"I've been in some big (regular season) games before, but I don't think one is bigger than this one." That's what John Wall said on Sunday, a day before his streaking Washington Wizards, winners of 17 straight home games, were set to take on the Cleveland Cavaliers in D.C. The parenthetical is essential, there; foisting too much importance on mid-winter matchups is one of the quickest routes to losing respect in the NBA. Even if they don't mean everything, though, February meetings can hold plenty of intensity and drama, and what's more, that intensity and drama can be of an altogether different strain than the kind found in May and June, when the sport's demigods assert or reassert their places. Games in the middle of the schedule tend to be more cooperative affairs, giving greater space to secondary figures. And Wall was right about Monday's contest; it turned out to be as big as February games get.
The Cavaliers won in overtime, 140-135, a score that somehow undersells how it came about. Though the individual stats astound, they too don't quite capture things. LeBron James put up 32 points, 7 rebounds, and a career-high 17 assists. Bradley Beal went for 41; Otto Porter, this season's leader in three-point percentage, made five of his seven attempts from behind the arc and scored 25. Kevin Love poured in 39 on 11-17 shooting. John Wall zoom-zoomed his way to 22 and 12.
It was a night for big numbers, but the real thrill of the game was non-statistical. The Wizards played with purpose, aiming for a statement win to cap a pleasing first half of the season, and as rumors of Love's trade availability circulated, the Cavaliers met their challengers' tempo in a show of apparent solidarity. The ball seemed not to stop moving over the full 53 minutes. Wall caught outlet passes at full sprint and blazed at the Cleveland defense, threading passes to big men stationed at the rim or whipping the ball across the court to his marksmen. (Look at that a drop-off to Marcin Gortat below!) James ran pick-and-rolls that looked like avalanches and pulled up for assured threes. Kevin Harlan, calling the game for TNT, reached deep into his bag of honorifics; the players advanced from sharpshooters to assassins to flamethrowers as the lead swung back and forth.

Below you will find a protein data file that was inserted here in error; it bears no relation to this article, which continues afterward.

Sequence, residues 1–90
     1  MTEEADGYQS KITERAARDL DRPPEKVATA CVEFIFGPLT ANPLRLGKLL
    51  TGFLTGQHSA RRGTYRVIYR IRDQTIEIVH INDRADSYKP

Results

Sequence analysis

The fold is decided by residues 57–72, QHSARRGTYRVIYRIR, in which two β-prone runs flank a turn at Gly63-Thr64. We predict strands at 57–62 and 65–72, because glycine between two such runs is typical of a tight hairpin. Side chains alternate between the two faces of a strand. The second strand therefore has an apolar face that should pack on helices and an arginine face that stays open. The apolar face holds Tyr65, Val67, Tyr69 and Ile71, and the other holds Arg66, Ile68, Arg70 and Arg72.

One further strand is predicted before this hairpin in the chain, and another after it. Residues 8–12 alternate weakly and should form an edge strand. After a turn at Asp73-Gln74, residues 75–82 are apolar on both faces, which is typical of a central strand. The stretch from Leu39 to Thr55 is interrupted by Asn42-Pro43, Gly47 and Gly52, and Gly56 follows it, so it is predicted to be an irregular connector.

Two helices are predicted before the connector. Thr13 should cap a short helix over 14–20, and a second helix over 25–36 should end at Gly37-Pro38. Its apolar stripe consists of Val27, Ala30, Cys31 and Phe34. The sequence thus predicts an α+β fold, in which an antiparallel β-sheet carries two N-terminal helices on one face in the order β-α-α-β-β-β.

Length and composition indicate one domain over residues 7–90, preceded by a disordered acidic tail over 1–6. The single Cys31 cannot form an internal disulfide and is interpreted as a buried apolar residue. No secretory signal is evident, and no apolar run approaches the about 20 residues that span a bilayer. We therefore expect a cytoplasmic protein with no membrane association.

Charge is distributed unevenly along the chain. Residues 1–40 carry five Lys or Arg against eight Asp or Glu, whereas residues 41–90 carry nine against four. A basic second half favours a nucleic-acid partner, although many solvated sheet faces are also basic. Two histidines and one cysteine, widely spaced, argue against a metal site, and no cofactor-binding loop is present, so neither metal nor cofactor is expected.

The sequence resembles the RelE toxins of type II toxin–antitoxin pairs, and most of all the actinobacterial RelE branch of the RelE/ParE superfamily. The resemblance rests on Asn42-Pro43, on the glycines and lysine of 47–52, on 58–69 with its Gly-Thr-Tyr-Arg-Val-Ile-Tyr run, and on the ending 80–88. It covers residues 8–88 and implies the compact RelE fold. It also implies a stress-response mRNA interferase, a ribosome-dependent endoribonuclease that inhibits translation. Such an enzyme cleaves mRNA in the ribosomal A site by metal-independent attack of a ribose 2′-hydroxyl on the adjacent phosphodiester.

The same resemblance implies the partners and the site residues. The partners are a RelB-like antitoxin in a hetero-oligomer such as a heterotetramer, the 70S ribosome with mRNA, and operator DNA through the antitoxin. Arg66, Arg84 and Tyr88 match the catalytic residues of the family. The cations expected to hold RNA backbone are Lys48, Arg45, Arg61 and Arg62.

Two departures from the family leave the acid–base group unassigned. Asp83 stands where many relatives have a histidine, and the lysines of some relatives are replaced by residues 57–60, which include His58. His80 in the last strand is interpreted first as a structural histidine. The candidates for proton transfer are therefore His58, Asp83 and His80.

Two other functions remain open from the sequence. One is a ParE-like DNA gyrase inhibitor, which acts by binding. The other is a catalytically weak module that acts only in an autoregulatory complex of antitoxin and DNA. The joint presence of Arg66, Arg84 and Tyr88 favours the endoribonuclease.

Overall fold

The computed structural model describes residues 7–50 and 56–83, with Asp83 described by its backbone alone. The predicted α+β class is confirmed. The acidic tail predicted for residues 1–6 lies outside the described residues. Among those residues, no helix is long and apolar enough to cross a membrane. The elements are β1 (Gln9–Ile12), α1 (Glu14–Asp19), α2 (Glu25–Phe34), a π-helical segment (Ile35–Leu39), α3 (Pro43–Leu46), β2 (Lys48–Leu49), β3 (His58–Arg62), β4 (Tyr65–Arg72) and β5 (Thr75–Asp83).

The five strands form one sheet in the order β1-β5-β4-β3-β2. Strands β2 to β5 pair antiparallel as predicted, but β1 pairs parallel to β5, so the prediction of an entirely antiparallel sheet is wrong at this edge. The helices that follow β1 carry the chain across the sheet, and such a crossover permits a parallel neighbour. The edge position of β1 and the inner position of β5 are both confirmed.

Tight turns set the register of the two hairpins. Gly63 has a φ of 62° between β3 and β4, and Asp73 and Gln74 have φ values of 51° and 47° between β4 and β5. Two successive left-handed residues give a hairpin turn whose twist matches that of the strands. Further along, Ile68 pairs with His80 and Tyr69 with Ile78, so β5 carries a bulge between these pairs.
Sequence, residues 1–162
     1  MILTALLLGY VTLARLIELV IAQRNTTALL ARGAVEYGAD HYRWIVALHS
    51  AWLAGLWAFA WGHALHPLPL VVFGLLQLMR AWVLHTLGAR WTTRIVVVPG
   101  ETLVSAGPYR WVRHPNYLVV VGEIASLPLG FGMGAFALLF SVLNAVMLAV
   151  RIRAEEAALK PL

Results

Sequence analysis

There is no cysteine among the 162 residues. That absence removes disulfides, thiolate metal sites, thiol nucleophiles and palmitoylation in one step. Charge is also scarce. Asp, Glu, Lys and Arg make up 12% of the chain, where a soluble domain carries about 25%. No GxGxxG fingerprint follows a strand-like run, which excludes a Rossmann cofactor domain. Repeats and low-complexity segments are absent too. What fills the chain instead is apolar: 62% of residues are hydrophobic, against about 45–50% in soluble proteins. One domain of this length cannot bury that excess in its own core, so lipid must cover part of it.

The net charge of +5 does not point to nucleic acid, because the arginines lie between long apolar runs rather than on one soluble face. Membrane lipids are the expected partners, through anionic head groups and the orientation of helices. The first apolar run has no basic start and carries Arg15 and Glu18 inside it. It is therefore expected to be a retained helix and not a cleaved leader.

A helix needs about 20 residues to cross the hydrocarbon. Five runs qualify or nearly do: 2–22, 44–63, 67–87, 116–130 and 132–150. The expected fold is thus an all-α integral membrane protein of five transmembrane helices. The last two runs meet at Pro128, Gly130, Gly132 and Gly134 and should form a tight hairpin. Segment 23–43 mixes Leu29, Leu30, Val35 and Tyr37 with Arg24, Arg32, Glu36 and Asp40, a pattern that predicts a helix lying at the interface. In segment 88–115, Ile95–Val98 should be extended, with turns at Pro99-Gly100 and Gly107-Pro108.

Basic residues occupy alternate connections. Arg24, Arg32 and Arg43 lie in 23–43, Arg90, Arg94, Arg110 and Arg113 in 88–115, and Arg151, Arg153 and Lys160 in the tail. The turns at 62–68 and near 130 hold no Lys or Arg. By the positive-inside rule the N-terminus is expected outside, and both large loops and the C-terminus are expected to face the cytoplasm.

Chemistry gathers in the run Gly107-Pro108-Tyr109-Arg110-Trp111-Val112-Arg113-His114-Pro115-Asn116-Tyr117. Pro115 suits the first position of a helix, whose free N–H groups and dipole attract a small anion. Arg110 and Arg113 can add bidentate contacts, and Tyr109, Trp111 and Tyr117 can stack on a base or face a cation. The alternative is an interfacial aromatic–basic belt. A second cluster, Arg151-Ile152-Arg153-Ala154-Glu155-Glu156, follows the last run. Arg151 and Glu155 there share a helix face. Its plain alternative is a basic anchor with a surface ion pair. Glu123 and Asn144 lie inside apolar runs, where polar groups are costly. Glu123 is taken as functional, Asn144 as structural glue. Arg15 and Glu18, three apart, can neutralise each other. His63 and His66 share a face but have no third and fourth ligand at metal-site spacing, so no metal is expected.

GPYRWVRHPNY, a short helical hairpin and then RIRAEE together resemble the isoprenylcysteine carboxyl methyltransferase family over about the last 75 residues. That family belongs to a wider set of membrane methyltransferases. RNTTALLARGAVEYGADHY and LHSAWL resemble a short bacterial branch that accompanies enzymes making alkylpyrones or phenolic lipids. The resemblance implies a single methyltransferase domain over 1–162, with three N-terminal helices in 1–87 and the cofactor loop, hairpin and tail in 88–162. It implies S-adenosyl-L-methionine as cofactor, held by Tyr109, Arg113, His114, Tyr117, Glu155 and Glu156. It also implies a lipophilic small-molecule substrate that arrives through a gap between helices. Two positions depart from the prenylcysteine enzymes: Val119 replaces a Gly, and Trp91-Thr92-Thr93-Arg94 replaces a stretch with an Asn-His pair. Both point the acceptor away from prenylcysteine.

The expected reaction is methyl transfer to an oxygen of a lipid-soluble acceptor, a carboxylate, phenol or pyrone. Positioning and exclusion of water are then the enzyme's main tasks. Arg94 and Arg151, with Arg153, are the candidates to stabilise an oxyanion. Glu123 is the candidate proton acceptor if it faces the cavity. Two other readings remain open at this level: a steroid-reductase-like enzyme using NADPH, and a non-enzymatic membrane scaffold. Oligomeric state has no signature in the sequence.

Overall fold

If this isn't your first stop on the internet in the past 12 or so hours, you already know how the game ended. With the Cavs down three with seconds remaining, Love threw one of his famous full-court passes—when's the last time you thought about those?—to James, who dribbled once, turned, and banked in his sixth triple of the game with 0.3 left on the clock. This was moments after he took about sixteen steps before biffing an easy layup. When James fouled out early in overtime—when's the last time you saw that?—Kyrie Irving took over, scoring 11 points in the extra period in the expected way: luminescent dribbling displays leading to pull-ups from wherever he damn pleased.
If this game had happened in the Eastern Conference Finals, we'd be having big-L Legacy discussions this morning. Where does this rank among LeBron's biggest moments? Who won the game: LeBron or Kyrie? Is Wall clutch? It didn't, though. It happened in the drowsy weeks leading up to the All-Star break, and thank goodness for that, because nobody involved in last night's thriller deserves anything less than our appreciation, for turning a random Monday meeting into pure spectacle.